Q. Parents frequently "let" their kids win at board games and sporting activities. At what age should parents stop doing this?
A. "There is no hard-and-fast rule," says Laurie Zelinger, an elementary school psychologist for the Oceanside School District. "If I had to generalize, usually not before age 4." Developmentally, the child should understand turn-taking, waiting and the fact that the other person wants to win as well.
But each child -- and each game -- is different, and parents need to assess their own situations, she says. "It's very important for children to learn how to handle disappointment," Zelinger says. So when you start to best them, it also helps them learn to process losing.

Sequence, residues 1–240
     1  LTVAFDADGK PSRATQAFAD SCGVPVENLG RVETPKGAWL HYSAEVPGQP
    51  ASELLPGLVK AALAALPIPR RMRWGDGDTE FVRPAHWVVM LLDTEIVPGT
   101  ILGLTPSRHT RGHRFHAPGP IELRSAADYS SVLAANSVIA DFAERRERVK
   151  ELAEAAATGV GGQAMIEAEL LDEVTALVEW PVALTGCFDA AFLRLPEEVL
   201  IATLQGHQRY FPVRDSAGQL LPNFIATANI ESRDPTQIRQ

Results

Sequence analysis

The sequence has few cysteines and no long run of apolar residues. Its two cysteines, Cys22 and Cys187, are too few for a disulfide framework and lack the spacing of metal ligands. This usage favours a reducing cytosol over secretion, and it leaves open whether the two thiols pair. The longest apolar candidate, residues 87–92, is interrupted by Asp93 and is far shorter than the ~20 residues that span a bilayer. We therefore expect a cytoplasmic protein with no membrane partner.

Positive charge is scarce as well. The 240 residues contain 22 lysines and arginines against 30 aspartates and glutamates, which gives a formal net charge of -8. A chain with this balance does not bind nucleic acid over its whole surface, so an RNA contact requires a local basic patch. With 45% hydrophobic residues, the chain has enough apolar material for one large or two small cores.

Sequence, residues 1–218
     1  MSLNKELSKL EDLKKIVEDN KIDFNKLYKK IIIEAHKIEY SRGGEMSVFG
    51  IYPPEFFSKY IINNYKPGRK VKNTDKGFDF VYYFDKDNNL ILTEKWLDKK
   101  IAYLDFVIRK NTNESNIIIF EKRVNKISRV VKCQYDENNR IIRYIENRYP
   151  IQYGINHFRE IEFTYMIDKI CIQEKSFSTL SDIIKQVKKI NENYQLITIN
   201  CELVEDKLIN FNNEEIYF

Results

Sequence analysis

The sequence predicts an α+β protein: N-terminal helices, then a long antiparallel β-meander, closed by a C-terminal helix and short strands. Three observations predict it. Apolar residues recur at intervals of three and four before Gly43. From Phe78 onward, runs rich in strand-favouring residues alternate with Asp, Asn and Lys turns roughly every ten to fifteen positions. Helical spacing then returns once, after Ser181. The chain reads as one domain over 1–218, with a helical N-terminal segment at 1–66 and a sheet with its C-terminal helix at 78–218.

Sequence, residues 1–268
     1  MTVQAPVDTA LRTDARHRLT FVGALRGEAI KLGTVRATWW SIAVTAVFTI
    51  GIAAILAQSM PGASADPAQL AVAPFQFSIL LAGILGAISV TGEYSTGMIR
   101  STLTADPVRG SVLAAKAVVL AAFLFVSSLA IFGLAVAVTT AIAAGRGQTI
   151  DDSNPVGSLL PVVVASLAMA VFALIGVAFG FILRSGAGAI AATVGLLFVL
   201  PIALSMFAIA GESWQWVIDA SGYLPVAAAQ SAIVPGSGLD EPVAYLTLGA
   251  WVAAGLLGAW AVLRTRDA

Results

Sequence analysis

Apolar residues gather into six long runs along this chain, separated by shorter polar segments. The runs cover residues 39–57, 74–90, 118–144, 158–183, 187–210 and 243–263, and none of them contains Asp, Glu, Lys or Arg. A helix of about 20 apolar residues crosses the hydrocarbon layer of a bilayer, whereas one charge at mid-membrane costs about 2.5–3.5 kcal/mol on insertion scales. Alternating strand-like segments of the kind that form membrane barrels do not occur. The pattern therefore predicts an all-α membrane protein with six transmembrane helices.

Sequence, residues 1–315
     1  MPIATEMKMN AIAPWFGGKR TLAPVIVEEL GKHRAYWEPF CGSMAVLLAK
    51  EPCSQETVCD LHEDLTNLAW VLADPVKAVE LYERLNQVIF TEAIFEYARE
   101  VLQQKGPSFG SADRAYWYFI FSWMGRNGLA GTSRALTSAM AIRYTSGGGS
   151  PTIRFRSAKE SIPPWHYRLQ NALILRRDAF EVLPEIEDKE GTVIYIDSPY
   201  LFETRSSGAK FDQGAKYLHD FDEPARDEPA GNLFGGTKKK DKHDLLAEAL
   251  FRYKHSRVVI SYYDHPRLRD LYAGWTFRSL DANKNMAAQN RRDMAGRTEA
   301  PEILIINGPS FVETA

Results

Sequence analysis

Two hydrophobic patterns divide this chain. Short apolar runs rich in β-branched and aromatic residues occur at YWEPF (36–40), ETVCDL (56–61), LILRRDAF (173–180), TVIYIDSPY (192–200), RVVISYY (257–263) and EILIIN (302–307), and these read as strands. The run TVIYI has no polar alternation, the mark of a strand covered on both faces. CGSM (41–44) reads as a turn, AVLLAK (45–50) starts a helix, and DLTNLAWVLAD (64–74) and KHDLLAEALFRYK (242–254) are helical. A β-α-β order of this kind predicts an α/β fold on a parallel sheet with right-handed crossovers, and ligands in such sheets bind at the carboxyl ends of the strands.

When Zelinger plays with children in her private practice in Cedarhurst and wins, she'll say, "I won first, now you can win second." When she loses, she'll model appropriate behavior for both loser and winner.
She might have a pretend tantrum, and ask them, "Is that something I should do?" She'll discuss what they can say, as a gracious winner, to make her feel better. She'll suggest, "Maybe next time you'll win," or, "It was fun anyway."
When you start to introduce kids to losing, focus on their efforts. Say, "You threw that ball really high" or, "You swung that bat with so much energy." You can explain that you have a lot of practice because you're a grown-up, and that if they keep at it, they're likely to get better as well.